The environmental costs and benefits of hydraulic fracturing remain controversial. Jackson et al (39) report that the primary threats of fracking to water sources are surface spills, wastewater disposal, and contamination of drinking water through poor well integrity. Fracking also causes potential health threats such as increasing the volatility of organic compounds and release of air toxins. As a peer-reviewed article, the credibility of its finding is high. Jackson et al addresses most of the aspect associated with fracking in a systematic way. They explore how much water the extraction of energy using unconventional methods, the risks of fracturing to surface and ground water sources, induced and seismicity. Throughout the review, Jackson et al (2014) remains objective as the give a balanced exploration of major concerns associated with fracking. They rely heavily on secondary sources and cite adequate resources to support their review. Instead of taking side, the article focuses on giving recommendations on how to improve fracking and areas of future research. For instance, while they acknowledge the potential benefits of fracking, they also highlight possible threat it poses to the environment and health. Their recommendations are objectives and they target exploration or drilling firms and policy makers. However, the recommendations also highlight inconclusive areas of research where industry players have to focus so as to conclusively identify long-term effects of fracking. Additionally, the authors have declared any potential conflict of interest.
Meiner and Bergmann conducted a comprehensive risk analysis of the potential environmental impact of fracking, its risks for the people, and knowledge needed to assess these impacts. The study was based on the basis of freely accessible information and data. It relied extensively from environmental bodies such as the US Environmental Protection Agency (EPA). The article approaches the concern using the different pathways of fracking and consumption of gas. According to the study, it is only in combination with technical and geological pathways that substance-related hazard potentials of fracking projects related to exploration and exploitation of gas can be a risk to the environment. The content of the article is inclined to address regulators, industry players and researchers. For instance, in the recommendation, the authors underscore the need to collect more information and data regarding the potential environmental impact of fracking. Additionally, the author highlights the current mining and water laws that ensure the protection of groundwater. Therefore, although the findings are credible, it is essential to acknowledge possible bias obtaining data from regulatory bodies can have on the findings. Additionally, the study was commissioned by the Federal Environment Agency of Germany. The agency is mandated with protecting the environment. Therefore, the findings may have a regulatory inclination.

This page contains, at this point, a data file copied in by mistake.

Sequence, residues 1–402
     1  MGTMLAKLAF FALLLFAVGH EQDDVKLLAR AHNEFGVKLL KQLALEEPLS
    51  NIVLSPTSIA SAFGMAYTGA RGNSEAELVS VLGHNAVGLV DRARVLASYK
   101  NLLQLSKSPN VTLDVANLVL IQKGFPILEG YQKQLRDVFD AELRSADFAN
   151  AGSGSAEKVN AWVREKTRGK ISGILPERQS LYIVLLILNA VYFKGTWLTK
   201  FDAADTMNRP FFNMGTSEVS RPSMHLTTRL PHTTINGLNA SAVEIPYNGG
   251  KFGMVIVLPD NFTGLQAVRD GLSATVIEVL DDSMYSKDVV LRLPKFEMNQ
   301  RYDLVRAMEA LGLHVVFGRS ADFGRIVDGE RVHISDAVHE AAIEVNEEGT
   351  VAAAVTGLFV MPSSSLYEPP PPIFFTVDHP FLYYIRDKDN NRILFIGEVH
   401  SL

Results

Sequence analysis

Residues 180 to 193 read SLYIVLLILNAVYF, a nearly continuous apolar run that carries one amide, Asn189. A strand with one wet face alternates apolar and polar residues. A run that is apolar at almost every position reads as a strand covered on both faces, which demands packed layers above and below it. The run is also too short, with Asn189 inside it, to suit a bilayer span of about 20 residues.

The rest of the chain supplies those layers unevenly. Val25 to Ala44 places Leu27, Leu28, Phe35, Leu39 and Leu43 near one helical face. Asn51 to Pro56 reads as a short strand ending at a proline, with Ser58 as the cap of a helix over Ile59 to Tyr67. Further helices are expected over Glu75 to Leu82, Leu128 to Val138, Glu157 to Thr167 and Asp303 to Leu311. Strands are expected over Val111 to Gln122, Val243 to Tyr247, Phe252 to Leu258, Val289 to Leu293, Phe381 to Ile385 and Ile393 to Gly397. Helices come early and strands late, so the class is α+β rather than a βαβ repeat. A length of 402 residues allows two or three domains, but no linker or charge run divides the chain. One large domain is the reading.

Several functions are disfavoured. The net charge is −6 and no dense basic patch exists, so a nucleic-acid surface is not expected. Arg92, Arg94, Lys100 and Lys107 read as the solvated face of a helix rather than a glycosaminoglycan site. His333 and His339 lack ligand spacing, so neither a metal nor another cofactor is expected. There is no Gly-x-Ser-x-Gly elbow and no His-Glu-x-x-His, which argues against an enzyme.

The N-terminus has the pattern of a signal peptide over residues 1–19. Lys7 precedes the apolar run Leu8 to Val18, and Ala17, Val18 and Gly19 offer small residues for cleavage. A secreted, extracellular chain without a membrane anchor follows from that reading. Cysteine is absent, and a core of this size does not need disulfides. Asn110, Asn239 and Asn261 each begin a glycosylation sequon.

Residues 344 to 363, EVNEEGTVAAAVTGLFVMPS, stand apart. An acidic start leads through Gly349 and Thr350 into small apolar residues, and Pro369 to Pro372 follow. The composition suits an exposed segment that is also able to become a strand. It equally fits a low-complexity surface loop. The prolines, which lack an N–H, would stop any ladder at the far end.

Since the industry-adoption of fracking, there have been a lot studies and policy papers exploring the environmental effects of the process. Stakeholders, policy makers, miners and explorers offer differing view on the potential benefits and adverse effects of fracking on the environment. Potential negative consequences of fracturing on groundwater, subsurface and surface water have been reported by various studies. Additionally, there are concerns that fracking may trigger negative seismic activities and release toxics substances, such radioactive materials. However, most countries have established strong laws and regulations to control fracking process to ensure the economic benefits of the process does not outweigh the environmental cost. These laws and regulations should be enforced to the latter to ensure the society develop sustainably.
Jackson Robert., Vengosh Avner., Carey William., Davies Richard., Petron Gabrielle. “The Environmental costs and benefits of fracking.” Reviews in Advance, 2014.
Meng, Qingmin. "The Impacts of Fracking on the Environment: A Total Environmental Study Paradigm." Science of the Total Environment, vol. 580, 15 Feb. 2017, pp. 953-957.
Mieners Georg., and Bergmann Axel “Environmental Impacts of Hydraulic Fracturing Related to Exploration and Exploitation of Unconventional Natural Gas Deposits.” Federal Ministry for The environmebt, nature conservation and nuclear safety, 2012.
Stringfellow, William T., et al. "Identifying Chemicals of Concern in Hydraulic Fracturing Fluids Used for Oil Production." Environmental Pollution, vol. 220, Jan2017 Part A, pp. 413-420.
Vitthalrao Khyade. “Hydraulic fracturing; Environmental issue.” World Scientific News 40 (2016) 58-92.